Additionally, the brief cautions the court against striking down marriage bans on the basis that they adhere to the traditional concerns of morality, suggesting they should be upheld on the basis of freedom of religion.

“It follows that subjecting marriage laws and amendments to unusual constitutional scrutiny because they coincide with traditional morality would also raise grave First Amendment concerns,” the brief states. “Though differing religious groups may align on different sides of the marriage issue, judges cannot pronounce the religious beliefs of one set of voters progressive and another ignorant or hateful.”

The brief is along the lines of similar filings that the Mormon Church and other religious groups submitted before the U.S. Supreme Court last year when California’s Proposition 8 and the Defense of Marriage Act were before the court.

But there’s a key difference: even though the earlier filing included other groups, the only law firm in that document was the Salt Lake City-based Kirton & McConkie, which handles legal matters for the LDS church. Now, Anthony Picarello, general counsel for the U.S. Conference of Catholic Bishops, has joined that firm in signing the document before the Tenth Circuit.

Furthermore, the brief disputes the assertion often made by LGBT advocates (and courts) that bans on same-sex marriage were motivated out of animus toward LGBT people — a key consideration in determining the measures are unconstitutional.

“The accusation is false and offensive,” the brief states. “It is intended to suppress rational dialogue and democratic conversation, to win by insult and intimidation rather than by reason, experience, and fact. In truth, we support the husband-wife definition of marriage because we believe it is right and good for children, families, and society.”

John Gustav-Wrathall, senior vice president of the LGBT Mormon group Affirmation, said he concurs with the view the church isn’t motivated by animus in its opposition to same-sex marriage.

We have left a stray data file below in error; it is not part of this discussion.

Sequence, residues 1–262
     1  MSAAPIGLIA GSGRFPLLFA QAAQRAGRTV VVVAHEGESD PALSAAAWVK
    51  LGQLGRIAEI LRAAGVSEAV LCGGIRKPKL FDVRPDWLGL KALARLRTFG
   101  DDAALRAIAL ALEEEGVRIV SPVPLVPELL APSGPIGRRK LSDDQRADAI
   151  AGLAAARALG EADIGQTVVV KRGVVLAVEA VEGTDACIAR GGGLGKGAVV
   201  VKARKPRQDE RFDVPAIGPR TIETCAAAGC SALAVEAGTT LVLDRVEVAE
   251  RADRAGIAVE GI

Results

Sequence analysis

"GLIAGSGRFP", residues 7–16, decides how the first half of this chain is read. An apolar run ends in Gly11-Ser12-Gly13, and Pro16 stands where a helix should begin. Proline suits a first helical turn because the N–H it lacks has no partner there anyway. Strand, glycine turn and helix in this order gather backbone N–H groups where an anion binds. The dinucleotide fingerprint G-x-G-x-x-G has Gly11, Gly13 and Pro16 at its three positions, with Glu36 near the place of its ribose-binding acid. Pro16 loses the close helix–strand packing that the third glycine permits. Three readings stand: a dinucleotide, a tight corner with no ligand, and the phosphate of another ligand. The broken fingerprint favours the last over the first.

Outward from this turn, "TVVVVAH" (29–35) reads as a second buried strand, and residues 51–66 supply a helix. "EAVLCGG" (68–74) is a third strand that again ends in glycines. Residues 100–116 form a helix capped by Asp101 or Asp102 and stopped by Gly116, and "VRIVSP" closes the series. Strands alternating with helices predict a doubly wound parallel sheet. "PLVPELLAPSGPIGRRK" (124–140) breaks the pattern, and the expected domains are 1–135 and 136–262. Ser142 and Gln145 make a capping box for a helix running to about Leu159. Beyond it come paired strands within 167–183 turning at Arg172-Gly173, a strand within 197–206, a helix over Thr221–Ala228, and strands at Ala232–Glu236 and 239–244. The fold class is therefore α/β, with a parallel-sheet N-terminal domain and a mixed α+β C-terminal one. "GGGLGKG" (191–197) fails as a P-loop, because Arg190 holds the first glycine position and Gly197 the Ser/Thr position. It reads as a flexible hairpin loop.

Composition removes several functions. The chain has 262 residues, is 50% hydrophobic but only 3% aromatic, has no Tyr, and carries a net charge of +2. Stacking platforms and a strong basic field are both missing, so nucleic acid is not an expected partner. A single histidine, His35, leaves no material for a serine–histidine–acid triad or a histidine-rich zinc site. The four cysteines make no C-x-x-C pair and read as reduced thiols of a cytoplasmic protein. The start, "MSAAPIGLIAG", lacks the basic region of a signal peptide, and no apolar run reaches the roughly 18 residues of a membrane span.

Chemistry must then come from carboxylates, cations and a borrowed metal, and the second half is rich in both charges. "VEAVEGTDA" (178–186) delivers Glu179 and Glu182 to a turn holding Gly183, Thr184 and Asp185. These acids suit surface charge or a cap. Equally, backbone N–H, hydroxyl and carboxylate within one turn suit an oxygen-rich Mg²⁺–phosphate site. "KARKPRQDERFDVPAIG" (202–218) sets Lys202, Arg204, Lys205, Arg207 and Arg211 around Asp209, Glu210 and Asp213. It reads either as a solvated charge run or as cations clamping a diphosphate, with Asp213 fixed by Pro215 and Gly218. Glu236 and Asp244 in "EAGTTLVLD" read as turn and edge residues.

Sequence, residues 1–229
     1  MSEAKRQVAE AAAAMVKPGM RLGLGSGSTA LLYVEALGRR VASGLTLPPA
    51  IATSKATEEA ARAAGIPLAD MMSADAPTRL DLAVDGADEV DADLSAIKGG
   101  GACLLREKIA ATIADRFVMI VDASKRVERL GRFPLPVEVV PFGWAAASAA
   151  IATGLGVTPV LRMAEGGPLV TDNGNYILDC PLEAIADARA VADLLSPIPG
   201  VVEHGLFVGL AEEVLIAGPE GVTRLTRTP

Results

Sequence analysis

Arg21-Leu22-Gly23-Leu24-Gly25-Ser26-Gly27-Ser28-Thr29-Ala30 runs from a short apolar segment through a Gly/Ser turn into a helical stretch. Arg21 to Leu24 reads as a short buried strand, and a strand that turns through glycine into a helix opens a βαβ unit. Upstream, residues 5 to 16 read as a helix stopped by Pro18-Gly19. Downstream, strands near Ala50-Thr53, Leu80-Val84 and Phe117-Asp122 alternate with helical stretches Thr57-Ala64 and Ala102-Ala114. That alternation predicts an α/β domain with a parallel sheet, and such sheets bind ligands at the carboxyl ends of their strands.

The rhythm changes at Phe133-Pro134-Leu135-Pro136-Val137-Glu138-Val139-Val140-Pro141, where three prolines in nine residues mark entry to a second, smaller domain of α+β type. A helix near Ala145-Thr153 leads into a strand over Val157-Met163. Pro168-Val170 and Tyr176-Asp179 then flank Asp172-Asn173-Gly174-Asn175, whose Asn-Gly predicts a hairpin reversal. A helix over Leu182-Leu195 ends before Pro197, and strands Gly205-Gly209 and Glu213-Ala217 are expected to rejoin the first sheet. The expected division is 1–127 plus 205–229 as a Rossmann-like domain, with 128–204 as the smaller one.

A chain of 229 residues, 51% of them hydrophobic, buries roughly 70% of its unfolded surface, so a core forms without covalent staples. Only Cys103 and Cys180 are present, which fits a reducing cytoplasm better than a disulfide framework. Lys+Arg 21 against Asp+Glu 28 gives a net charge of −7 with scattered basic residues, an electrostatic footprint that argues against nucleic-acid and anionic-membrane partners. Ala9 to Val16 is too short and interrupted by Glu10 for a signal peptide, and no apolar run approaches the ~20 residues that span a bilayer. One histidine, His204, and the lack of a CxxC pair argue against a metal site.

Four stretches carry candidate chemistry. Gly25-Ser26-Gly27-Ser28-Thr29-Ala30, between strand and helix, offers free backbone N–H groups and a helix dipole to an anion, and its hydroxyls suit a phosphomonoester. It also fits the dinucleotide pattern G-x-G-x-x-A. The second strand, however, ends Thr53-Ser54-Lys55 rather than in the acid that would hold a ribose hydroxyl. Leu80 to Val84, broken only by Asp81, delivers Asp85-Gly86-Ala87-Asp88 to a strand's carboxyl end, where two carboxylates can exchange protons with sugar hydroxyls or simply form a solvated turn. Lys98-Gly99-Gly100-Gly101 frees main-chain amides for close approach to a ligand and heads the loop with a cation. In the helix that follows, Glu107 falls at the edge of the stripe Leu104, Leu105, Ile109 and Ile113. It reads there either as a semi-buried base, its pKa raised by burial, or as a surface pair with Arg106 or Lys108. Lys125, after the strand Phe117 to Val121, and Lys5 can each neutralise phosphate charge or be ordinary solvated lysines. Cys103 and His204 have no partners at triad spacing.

“There may be animus within the Mormon population, just as there is in the population at large,” Gustav-Wrathall said. “Some of that animus may fuel fervor for political activism against same-sex marriage. But generally we’ve seen tremendous progress in the understanding of LGBT people and of same-sex relationships in the church within recent years.”

The Mormon Church has been a key opponent of same-sex marriage after taking a lead role in passing Prop 8 in 2008. Although the church, with a few exceptions, largely stayed out the ballot fights in 2012, it was vocal against the legalization of same-sex marriage in Hawaii and has participated in legal cases to defend bans on same-sex marriage.

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Comings & Goings

McCarty named director of partnerships at Universe

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Steven McCarty

The Comings & Goings column is about sharing the professional successes of our community. We want to recognize those landing new jobs, new clients for their business, joining boards of organizations and other achievements. Please share your successes with us at: [email protected].

Congratulations to Steven McCarty on his new position with Universe, as Director of Partnerships. Universe supports movement organizations, labor unions, and Democratic campaigns, with the software they need to win. On accepting the new position he said, “I’m most excited to take my years of campaign and technology experience to down-ballot Democrats across the country as we fight to preserve our Democracy this election cycle.” 

Prior to this, McCarty was Business Development + Partnerships Lead, at STAC labs (State Technology Acceleration Collaborative), where he spearheaded strategic business development initiatives, expanding STAC labs’ partner network by 400% with the launch of the Progressive Tech Index and doubling DemLaunch user base from four to 11 states within a year. Prior to that he was president at The Kiwanis Club of Washington, D.C.; Senior Customer Success Manager at Crowdskout; Vice President at Circle K International, Indianapolis, Ind.; and a summer fellow at Michigan State AFL-CIO, Lansing, Mich.